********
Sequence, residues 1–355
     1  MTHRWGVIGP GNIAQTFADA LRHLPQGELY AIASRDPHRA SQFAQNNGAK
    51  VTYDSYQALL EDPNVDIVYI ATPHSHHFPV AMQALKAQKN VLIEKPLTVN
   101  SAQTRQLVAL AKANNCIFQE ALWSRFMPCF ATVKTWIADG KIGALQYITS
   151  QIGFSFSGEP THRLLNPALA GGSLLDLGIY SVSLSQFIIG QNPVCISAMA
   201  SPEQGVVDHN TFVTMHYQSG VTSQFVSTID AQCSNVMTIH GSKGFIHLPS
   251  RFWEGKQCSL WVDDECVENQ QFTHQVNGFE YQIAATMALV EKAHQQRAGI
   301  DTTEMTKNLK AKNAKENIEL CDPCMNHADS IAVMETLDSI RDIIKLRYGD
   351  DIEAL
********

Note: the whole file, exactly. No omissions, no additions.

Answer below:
Sequence, residues 1–355
     1  MTHRWGVIGP GNIAQTFADA LRHLPQGELY AIASRDPHRA SQFAQNNGAK
    51  VTYDSYQALL EDPNVDIVYI ATPHSHHFPV AMQALKAQKN VLIEKPLTVN
   101  SAQTRQLVAL AKANNCIFQE ALWSRFMPCF ATVKTWIADG KIGALQYITS
   151  QIGFSFSGEP THRLLNPALA GGSLLDLGIY SVSLSQFIIG QNPVCISAMA
   201  SPEQGVVDHN TFVTMHYQSG VTSQFVSTID AQCSNVMTIH GSKGFIHLPS
   251  RFWEGKQCSL WVDDECVENQ QFTHQVNGFE YQIAATMALV EKAHQQRAGI
   301  DTTEMTKNLK AKNAKENIEL CDPCMNHADS IAVMETLDSI RDIIKLRYGD
   351  DIEAL